Volcanic basalt columns popping up out of the water in a castle-looking formation, you can walk down to get a little closer (as long as you’re careful!), and if you visit at the right time of year, you may get to see some puffins.

 

4. Arnarstapi

Another little fishing village sitting below Mt Stapafell, Arnarstapi is one of those places worth visiting just to look at. The little houses look like doll houses under the massive mountains and endless sky, the basalt cliff faces make for a pretty imposing sight, and the sculpture of Bárður looks like something straight out of the sagas.

 

On the drive…

Honestly, we took a lot longer to drive the Peninsula than we needed, because we just kept pulling over when we came across sights like these.

 

5. Búdir

Not even a town, Búdir is a tiny hamlet located on lava fields, and is probably best known by tourists for it’s black church – which is especially striking in winter, when almost everything around it is white.

 

6. Bjarnarfoss

Iceland is known for it’s incredible waterfalls, like Bjarnafoss. Around 80m high, it’s easily seen from the road, but you probably won’t be able to get too close because the waterfall is actually located on private property.

 

7. Grundarfjörður and Kirkjufell

At this point in the day, we were getting a little cold and tired, and decided we’d need a time out if we were going to stretch the day out a little longer. On the way to see the 463m high Kirkjufell, we stopped in the little town of Grundarfjörður, where we found Kaffi 59, a cute little bistro that had hot tea and coffee and delicious chocolate cake for us to recharge with.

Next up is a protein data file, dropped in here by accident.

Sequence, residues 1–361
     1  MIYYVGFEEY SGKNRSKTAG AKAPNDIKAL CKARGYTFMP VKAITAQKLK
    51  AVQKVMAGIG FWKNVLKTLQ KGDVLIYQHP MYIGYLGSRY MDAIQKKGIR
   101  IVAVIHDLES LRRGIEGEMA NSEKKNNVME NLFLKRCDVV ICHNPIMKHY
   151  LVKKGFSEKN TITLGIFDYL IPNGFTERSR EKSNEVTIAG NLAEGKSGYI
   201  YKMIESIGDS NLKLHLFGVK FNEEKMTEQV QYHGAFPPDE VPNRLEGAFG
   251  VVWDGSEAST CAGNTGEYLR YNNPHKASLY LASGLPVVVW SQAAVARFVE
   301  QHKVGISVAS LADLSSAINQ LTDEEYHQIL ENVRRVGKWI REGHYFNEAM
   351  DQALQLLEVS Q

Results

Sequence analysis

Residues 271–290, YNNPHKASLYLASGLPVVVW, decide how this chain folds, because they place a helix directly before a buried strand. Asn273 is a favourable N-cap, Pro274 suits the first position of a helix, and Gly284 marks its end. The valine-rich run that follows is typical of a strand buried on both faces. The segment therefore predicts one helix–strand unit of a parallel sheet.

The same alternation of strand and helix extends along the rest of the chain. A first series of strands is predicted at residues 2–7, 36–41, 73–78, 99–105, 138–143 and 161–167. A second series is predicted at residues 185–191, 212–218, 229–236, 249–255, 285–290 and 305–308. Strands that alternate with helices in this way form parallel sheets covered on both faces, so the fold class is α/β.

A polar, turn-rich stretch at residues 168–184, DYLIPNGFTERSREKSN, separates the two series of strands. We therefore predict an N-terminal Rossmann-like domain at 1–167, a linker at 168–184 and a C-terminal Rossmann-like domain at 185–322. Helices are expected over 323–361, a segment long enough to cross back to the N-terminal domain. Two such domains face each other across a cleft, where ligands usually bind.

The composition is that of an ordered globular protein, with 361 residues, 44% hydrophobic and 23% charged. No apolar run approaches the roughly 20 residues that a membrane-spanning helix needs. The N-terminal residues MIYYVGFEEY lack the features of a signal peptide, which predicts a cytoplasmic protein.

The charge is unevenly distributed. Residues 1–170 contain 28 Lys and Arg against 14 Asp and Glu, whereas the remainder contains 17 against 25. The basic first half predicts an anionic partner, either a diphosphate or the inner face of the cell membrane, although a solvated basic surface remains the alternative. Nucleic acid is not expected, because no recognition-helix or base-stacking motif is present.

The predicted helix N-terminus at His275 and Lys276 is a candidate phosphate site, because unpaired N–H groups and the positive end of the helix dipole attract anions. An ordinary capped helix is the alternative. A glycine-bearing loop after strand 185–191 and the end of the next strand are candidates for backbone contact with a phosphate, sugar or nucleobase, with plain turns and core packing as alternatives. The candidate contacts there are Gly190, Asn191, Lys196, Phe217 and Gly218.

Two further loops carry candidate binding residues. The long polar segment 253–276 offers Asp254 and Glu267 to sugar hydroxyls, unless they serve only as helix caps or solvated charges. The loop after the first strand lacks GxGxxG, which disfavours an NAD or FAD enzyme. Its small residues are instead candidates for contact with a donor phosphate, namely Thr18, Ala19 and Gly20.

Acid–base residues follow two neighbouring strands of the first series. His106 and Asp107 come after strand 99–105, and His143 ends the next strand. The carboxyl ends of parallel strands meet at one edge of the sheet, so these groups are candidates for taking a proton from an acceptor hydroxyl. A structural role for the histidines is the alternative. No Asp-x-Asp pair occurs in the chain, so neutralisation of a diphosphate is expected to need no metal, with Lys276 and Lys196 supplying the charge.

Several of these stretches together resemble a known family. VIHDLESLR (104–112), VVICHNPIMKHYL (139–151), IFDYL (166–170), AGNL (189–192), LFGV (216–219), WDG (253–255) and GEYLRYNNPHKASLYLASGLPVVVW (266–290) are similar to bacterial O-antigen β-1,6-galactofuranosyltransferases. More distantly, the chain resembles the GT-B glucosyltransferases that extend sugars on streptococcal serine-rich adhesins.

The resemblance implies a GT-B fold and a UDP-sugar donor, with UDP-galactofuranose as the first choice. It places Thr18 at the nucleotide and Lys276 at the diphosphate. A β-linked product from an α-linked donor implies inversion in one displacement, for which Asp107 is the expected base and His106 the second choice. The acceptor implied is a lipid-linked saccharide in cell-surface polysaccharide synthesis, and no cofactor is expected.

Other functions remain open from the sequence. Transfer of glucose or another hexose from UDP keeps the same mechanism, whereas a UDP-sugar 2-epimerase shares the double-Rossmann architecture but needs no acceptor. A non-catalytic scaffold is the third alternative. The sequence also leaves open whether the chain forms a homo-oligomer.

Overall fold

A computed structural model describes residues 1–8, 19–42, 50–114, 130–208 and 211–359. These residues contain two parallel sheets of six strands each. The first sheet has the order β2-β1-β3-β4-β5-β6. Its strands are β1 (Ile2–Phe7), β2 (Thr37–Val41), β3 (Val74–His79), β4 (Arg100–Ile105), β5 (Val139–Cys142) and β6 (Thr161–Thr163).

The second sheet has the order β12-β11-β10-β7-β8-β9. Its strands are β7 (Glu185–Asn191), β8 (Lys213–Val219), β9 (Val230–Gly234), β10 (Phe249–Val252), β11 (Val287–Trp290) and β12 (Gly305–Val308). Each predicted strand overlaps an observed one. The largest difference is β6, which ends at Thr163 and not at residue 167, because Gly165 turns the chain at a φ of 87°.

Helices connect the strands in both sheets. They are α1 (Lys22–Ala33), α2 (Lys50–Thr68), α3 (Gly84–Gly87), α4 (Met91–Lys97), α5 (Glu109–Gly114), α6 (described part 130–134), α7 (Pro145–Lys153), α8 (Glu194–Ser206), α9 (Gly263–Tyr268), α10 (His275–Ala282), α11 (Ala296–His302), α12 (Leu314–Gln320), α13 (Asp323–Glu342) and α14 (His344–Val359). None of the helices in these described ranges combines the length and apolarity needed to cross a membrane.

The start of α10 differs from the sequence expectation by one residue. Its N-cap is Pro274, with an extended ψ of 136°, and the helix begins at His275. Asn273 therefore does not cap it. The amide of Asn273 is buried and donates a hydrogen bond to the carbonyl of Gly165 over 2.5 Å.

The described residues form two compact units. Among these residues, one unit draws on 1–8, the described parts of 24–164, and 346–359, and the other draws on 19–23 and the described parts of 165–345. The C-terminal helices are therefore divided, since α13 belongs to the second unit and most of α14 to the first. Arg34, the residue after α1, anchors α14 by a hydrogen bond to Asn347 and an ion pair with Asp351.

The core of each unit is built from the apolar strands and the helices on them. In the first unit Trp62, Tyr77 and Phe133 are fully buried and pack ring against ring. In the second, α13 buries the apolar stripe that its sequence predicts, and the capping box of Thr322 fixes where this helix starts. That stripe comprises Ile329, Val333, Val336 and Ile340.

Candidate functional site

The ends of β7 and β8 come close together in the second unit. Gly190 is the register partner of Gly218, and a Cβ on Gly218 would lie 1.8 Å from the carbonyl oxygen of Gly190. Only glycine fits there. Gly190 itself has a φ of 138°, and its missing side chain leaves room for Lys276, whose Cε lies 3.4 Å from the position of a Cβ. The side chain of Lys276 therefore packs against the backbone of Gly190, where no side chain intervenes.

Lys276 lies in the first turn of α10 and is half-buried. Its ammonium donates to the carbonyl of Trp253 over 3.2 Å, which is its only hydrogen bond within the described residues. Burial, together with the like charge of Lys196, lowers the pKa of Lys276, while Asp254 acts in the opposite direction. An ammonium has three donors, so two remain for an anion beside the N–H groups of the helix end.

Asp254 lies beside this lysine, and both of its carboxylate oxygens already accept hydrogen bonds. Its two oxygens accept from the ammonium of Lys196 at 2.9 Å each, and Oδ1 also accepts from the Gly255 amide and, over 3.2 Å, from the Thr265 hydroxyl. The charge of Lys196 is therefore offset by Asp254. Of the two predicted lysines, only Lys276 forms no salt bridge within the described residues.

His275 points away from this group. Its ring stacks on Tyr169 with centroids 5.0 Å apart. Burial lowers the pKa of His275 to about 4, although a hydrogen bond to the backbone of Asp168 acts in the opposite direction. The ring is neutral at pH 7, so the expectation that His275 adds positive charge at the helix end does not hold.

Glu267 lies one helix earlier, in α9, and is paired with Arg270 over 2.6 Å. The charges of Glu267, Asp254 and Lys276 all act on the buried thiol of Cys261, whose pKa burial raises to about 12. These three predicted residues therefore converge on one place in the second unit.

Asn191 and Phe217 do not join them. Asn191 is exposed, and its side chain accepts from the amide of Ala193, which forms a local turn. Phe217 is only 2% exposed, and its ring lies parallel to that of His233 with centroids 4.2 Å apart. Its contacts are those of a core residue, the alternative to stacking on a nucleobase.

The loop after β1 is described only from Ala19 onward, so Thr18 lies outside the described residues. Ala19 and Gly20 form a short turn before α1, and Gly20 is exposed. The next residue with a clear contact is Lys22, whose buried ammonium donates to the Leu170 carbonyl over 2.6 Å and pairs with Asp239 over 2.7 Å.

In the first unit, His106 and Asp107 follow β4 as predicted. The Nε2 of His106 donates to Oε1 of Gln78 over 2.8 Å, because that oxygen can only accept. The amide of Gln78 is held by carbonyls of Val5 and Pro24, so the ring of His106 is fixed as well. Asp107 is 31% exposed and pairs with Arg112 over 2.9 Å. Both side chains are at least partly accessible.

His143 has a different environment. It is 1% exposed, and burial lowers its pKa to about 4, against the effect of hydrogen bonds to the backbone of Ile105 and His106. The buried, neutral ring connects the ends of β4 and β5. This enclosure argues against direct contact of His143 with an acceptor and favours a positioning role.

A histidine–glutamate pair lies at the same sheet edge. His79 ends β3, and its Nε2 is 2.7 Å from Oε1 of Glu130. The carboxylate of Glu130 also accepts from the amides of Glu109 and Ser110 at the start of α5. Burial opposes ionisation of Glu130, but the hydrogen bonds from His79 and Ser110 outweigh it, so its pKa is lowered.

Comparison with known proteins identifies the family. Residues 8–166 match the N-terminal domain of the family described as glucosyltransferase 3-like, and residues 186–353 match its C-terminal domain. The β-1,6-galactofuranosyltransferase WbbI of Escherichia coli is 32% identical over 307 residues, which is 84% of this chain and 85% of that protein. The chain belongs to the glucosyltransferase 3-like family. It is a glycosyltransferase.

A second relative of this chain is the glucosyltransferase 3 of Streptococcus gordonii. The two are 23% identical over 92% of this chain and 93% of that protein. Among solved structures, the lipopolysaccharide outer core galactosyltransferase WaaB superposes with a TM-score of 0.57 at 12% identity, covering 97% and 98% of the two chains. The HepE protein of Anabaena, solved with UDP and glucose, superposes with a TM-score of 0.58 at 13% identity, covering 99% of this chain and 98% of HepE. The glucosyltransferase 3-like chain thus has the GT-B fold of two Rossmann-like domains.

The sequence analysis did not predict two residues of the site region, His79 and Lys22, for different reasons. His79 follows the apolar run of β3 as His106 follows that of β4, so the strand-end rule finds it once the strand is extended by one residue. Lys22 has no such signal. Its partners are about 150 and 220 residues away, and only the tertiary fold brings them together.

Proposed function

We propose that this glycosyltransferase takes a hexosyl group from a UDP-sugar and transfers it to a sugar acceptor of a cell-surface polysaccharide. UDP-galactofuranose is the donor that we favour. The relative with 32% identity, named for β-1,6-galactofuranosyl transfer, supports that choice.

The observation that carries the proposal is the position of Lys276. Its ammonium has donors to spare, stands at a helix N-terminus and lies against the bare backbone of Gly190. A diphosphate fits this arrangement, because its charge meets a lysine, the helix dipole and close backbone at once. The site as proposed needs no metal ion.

8. Ólafsvík
Last stop on our way home was in Ólafsvík for a grocery run. Eating out in Iceland isn’t cheap, so grocery stores were essential for us. With enough instant noodles, frozen veggies and snacks for dinner and the following day’s road trip stacked up in the back seat, we were on our way back to a hot shower after a long day on the road.

 

 

We obviously only just skimmed the surface, and there’s plenty more to see and do around this area, but we had to skip a few things because of spotty weather. But following that path should give you a great taste of the Snæfellsnes Peninsula, and allow you to discover a few more treasures on your way!

Bárður Snæfellsás, Arnarstapi, Iceland

The morning after we arrived in Iceland, we hit the road for our drive around Snæfellsnes Peninsula a little later than intended. We were exhausted, because we arrived in the middle of an Arctic storm and had to drive around 300km through it. But that’s a story for another day.

One of the stops we planned to make was at Arnarstapi, a little fishing village and old trading port. It’s an odd little place, full of contrasts – there are large area of flat, grassy land – then there are towering basalt columns and cliffs. Small, modest cottages dwarfed under mountains. And then there’s the Bárður Snæfellsás sculpture that sits at the top of the hill against the grey sky.

Iceland is steeped in mythology and stories, and it isn’t just confined to story books. There’s a small plaque at the sculpture, I’ll let you read from it directly…